BY POOJA BHATIAJUL 042015
“Beyond the mountains there are mountains,” goes the Haitian saying. It refers to the country’s rugged topography, but it’s a good metaphor for much else, including stories about Haiti.
One of those concerns the Siege of Savannah in 1779, which pitted American Revolutionary forces against British imperialists in the Southern state of Georgia. More than 500 free men of color participated, recruited in colonial Saint-Domingue by a French admiral under the banner of Chasseurs Volontaires d’Amérique. It was a gross irony, of course, because the independent United States would not be a good place for black men.
Robert Mugabe, who has ruled Zimbabwe as a Marxist dictator since the country became independent from Britain in 1980, is telling his country’s few remaining white landowners: Your time is up.
“We say no to whites owning our land, and they should go,” Mugabe told supporters, according to The Christian Science Monitor. “They can own companies and apartments…but not the soil. It is ours and that message should ring loud and clear in Britain and the United States.”
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Sunday, 13 April 2014 00:00 By Ted Asregadoo , Truthout
In the United States, it’s estimated that almost 260,000 children are abducted every year. Most child abductions are by family members, with a smaller percentage committed by strangers.
If you’ve ever seen an Amber Alert on TV, electronic billboards or even your mobile phone, you know the whole area goes into a kind of hyper-vigilant mode of being on the lookout for a car or a person matching the description of the perpetrator. News organizations broadcast stories about the search for the missing child in an effort to keep the abduction in the public consciousness – and to get ratings. Often times, the child is returned to the parent in a matter of hours or days, and the perpetrator is soon wearing an orange jumpsuit and awaiting trail.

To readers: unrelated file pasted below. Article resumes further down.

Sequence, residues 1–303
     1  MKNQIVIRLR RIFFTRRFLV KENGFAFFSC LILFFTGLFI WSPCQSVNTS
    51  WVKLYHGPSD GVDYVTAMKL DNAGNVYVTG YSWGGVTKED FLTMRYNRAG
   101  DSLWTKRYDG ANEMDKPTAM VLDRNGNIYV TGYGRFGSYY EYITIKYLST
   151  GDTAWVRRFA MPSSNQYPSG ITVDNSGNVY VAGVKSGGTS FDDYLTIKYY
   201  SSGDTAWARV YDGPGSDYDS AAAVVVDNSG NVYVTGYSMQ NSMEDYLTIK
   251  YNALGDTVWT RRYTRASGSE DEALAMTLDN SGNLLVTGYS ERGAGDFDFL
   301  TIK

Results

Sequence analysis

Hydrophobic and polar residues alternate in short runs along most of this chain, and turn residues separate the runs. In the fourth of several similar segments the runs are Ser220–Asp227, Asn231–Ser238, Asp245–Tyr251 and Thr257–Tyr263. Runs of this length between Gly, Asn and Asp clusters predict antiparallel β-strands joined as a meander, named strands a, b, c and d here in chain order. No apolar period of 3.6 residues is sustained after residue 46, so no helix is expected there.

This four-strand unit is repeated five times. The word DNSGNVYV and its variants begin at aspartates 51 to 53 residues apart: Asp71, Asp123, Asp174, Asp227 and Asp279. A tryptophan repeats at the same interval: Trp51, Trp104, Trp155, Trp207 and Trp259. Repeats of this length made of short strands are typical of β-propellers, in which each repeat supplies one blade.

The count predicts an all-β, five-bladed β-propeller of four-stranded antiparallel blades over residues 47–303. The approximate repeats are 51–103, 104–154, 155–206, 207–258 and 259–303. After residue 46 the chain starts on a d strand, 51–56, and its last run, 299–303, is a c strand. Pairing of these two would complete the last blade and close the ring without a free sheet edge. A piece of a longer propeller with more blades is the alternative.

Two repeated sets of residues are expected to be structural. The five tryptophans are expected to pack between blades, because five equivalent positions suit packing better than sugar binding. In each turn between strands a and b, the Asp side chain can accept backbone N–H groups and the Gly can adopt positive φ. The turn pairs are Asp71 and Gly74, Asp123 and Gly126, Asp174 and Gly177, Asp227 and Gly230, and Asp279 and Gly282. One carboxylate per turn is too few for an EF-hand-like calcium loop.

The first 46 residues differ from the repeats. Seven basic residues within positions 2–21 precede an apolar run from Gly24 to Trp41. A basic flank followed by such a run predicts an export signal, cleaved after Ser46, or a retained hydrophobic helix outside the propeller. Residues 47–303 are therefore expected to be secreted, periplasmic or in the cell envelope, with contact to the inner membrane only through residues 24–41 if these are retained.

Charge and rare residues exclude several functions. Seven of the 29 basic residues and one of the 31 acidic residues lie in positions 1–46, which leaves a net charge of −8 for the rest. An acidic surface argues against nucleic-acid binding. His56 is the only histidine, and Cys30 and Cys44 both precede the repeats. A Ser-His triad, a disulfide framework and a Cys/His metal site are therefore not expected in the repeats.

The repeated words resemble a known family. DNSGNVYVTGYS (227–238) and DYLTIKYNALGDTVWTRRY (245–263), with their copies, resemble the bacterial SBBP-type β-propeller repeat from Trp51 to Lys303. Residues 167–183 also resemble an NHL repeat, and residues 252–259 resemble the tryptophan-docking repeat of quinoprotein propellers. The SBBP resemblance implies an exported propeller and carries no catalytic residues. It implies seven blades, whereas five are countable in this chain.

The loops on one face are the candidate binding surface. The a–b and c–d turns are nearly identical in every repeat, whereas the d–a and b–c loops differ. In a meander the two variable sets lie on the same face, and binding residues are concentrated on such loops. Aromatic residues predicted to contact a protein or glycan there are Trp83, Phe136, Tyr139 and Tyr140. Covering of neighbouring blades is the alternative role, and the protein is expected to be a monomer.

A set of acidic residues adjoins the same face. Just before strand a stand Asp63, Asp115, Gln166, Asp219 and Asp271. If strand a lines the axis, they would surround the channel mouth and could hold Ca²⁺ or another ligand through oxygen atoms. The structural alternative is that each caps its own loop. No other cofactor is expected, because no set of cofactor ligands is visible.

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ROAD MAP FOR REPARATIONS FOR NATIVE GENOCIDE AND SLAVERY
IN THE CARIBBEAN
A coalition of Caribbean nations is threatening to sue 11 European countries over the lingering effects of the Atlantic slave trade. But while they have a slim chance of seeing reparations granted in court, they could gain political leverage by elevating the issue at the United Nations. The controversial move could have widespread repercussions for countries that facilitated the slave trade — and benefits for those who suffered from it.
The 15 countries bringing the lawsuit are pressuring governments that participated in the slave trade, including those of the United Kingdom, the Netherlands and France, to come to the negotiating table with the aim of agreeing on what they believe to be fair restitution. But the nations say they are not looking to be compensated for slavery itself — rather, they are contending that the present-day underdevelopment of the Caribbean islands is a result of the lasting legacy of the slavery trade, and they are attempting to claim benefits for present-day injustice, rather than historical suffering.
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Thomas Jefferson’s very existence was shaped and enabled by slavery. Slaves placed newborn Thomas in his cradle, and slaves comforted the former president on his deathbed.
People often wonder aloud how a man who dedicated his life to liberty on the one hand could hold slaves close to him with the other, says Rex Ellis, an associate director with the Museum of African American History and Culture. The museum, which looks at American history from a black perspective, has created a new exhibition, housed at the Museum of American History, called “Slavery at Jefferson’s Monticello: Paradox of Liberty.”..